The VESA Local Bus was designed as a stopgap solution to the problem of the ISA bus’s limited bandwidth. VLB had several flaws that served to limit its useful life substantially:
- 80486 dependence. The VESA Local Bus relied heavily on the 80486′s memory bus design. When the Pentium processor started to gain mass acceptance in 1995, there were major differences in its bus design, and the VESA Local Bus was not easily adaptable. This also made moving the bus to non-x86 architectures nearly impossible. Few Pentium motherboards with VLB slots were ever made.
- Limited number of slots available. Most PCs that used VESA Local Bus had only one or two slots available, as opposed to 5 or 6 ISA slots. This was because, as a direct branch of the 80486 memory bus, the VESA Local Bus did not have the electrical ability to drive more than 1 or 2 (or 3 at the most) cards at a time.
- Reliability problems. The same electrical problems that limited the VESA Local Bus to 2 or 3 slots also limited its reliability. Glitches between cards were common, and when important devices such as hard disk controllers were attached to the bus, there was the all-too-common possibility of massive data corruption.
- Installation woes. The length of the slot and number of pins made VLB cards notoriously difficult to install and remove. The sheer mechanical effort required was stressful to both the card and the motherboard, and breakages were not uncommon. This was compounded by the extended length of the card logic board; often there was not enough room in the PC case to angle the card into the slot, requiring it to be pushed with great force straight down into the slot.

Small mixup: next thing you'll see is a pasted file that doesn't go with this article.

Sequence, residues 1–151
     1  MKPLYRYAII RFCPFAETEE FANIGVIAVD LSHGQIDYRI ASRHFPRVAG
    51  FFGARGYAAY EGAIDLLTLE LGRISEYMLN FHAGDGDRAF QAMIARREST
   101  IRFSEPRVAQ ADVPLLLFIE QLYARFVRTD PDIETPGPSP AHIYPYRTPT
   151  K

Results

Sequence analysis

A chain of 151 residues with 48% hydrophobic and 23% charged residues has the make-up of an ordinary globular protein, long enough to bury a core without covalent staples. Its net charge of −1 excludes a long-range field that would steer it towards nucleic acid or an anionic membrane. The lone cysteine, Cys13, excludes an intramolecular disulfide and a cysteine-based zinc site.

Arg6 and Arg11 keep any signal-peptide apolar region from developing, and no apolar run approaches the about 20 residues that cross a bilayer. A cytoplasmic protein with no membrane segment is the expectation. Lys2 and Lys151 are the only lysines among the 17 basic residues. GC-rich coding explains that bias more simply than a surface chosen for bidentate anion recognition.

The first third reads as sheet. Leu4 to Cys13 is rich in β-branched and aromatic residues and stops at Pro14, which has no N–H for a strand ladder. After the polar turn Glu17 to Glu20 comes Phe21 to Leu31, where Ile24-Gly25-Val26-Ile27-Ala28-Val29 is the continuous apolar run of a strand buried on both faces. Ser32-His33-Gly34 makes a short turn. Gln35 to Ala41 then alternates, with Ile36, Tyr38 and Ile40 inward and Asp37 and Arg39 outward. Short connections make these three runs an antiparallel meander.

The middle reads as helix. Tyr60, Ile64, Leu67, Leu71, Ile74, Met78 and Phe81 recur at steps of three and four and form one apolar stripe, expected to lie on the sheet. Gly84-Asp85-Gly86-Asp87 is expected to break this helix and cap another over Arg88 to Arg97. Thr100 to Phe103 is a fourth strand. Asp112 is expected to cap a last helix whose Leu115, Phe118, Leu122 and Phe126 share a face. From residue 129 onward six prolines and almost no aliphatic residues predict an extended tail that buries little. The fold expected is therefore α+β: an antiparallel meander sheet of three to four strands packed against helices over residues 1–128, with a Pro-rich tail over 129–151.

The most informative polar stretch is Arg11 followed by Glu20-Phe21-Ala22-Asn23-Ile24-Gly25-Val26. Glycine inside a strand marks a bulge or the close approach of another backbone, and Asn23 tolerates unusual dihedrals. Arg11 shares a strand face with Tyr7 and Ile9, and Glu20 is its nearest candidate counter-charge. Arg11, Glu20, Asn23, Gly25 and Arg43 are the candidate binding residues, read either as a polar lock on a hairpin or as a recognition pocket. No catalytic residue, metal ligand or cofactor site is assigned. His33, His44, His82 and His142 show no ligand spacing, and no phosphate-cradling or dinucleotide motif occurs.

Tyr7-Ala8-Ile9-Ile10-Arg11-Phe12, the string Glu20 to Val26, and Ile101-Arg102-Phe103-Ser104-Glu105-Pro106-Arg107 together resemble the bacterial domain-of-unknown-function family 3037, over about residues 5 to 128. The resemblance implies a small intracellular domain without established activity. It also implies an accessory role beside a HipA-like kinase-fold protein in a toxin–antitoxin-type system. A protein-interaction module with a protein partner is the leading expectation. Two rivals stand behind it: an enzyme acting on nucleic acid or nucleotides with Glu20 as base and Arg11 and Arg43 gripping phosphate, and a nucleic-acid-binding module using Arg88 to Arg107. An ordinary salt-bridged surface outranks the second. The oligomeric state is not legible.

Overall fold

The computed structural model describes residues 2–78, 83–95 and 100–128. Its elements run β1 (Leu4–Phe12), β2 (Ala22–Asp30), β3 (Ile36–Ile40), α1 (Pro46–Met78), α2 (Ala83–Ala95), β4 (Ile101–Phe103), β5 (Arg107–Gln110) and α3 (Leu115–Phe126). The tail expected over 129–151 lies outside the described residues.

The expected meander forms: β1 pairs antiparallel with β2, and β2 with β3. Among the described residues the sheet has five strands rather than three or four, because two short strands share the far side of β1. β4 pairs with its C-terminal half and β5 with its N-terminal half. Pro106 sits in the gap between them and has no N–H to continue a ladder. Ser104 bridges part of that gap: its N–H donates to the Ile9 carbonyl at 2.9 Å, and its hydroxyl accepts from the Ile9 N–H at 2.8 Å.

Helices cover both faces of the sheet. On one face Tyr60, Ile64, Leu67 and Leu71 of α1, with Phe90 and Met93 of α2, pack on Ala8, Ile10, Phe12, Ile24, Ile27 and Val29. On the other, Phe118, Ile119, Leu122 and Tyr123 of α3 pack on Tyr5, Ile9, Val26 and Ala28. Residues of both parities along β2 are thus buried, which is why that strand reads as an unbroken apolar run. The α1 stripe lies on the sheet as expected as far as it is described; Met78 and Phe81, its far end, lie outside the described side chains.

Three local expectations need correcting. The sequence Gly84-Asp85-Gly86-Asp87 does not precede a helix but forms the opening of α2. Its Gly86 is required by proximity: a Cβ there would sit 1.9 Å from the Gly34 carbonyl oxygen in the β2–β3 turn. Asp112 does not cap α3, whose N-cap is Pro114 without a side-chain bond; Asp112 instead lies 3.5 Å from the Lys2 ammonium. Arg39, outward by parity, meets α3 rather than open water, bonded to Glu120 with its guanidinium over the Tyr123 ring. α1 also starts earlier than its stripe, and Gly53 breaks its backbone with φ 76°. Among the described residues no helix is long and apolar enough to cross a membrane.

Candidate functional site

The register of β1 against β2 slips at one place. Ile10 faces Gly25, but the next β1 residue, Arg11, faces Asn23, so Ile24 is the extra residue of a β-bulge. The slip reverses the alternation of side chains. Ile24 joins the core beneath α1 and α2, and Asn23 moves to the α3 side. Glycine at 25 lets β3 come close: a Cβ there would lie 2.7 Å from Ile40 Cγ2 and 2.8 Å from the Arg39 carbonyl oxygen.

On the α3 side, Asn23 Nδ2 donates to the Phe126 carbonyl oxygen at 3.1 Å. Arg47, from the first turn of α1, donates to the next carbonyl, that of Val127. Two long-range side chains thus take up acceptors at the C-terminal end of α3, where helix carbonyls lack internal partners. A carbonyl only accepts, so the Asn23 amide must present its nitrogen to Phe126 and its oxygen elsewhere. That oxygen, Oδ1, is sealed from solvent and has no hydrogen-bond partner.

Despite these problems, the VESA Local Bus was very commonplace on 486 motherboards. Probably a majority of 486-based systems had a VESA Local Bus video card, although early 486 systems never had VLB slots, as VLB debuted years after the introduction of the 486 processor.
Like MCA, VESA Local Bus was ousted for the PCI architecture implemented in Intel’s Triton chipset (introduced with the first Pentium processor).
8. Iomega Zip Drive
Iomega sold millions of this super-floppy, but many of them ended up having catostrophic problems. Some of the drives had a head alignment problem which caused the heads to clip the edge of the disk’s media, crunching and permanently destroying the disk.
Frustrated customers filed a class action lawsuit against Iomega in the late 90s. Iomega settled this dispute some years later by offering rebates on other Iomega products, but by this time consumers were using other storage devices such as writable CDs.
The technology was similar to that used by the floppy drive, but packed many more bits in the same amound of space. Zip discs delivered a whopping 100MB of space (which at the time of 500MB drives was very appealing). Unfortunately the discs were rather expensive, compared to floppies and cost over $10 each. Iomega even marketed a “Giga-pack” of 10 Zip disks, which cost over $100.
Although some of the drives were SCSI, most Zip drives used the PC’s parallel port, which delivered around 50 KB a second. While technically faster than a floppy drive, it would take over 30 minutes to fill up a disk. The processor usage was unusually high for a drive write, so the PCs at the time was practically unusable while data was being written.